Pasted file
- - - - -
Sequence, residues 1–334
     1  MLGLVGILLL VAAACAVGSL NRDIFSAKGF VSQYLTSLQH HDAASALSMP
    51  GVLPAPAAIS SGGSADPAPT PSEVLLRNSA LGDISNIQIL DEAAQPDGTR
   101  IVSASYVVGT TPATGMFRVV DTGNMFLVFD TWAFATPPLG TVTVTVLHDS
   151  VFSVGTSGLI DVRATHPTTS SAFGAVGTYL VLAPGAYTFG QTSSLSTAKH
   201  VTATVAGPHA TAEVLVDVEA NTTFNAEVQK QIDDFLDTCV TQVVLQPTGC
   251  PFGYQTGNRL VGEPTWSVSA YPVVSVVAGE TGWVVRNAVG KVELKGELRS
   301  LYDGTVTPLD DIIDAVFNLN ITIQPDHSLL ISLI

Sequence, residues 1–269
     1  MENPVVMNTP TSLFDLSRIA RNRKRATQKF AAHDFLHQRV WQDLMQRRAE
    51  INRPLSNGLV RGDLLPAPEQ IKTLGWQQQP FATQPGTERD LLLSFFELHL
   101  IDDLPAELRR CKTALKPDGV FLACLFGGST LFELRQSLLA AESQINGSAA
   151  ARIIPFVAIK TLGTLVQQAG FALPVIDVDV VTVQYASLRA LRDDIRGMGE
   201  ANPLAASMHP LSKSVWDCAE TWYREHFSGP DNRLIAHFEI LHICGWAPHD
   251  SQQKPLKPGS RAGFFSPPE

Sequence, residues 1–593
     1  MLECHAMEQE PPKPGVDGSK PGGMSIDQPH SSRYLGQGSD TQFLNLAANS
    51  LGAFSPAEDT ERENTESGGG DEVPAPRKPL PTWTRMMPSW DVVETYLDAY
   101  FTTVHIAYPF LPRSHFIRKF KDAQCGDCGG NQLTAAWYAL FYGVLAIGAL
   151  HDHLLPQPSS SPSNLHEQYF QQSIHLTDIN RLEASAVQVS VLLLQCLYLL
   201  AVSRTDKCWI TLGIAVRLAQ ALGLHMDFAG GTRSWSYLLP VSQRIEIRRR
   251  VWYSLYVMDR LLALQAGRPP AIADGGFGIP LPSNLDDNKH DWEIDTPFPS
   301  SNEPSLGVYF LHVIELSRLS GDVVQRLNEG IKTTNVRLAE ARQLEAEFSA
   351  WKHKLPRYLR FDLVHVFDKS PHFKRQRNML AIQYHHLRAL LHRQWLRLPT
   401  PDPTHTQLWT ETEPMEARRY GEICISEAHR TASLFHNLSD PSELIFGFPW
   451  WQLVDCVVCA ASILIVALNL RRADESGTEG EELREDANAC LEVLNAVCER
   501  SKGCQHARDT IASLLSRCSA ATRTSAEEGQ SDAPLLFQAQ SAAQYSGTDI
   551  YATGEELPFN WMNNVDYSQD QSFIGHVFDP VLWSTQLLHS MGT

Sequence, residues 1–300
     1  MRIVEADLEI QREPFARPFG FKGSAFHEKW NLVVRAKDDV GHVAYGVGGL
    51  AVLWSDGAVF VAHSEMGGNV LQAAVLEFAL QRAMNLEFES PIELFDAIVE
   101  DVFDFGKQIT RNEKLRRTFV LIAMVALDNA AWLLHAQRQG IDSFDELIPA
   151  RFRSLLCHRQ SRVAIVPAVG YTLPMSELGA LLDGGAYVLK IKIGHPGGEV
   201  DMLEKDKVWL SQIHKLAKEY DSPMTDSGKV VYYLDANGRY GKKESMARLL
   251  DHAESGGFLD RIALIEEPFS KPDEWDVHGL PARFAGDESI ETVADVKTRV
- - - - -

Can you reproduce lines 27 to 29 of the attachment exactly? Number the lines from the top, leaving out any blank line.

   501  SKGCQHARDT IASLLSRCSA ATRTSAEEGQ SDAPLLFQAQ SAAQYSGTDI
   551  YATGEELPFN WMNNVDYSQD QSFIGHVFDP VLWSTQLLHS MGT

Sequence, residues 1–300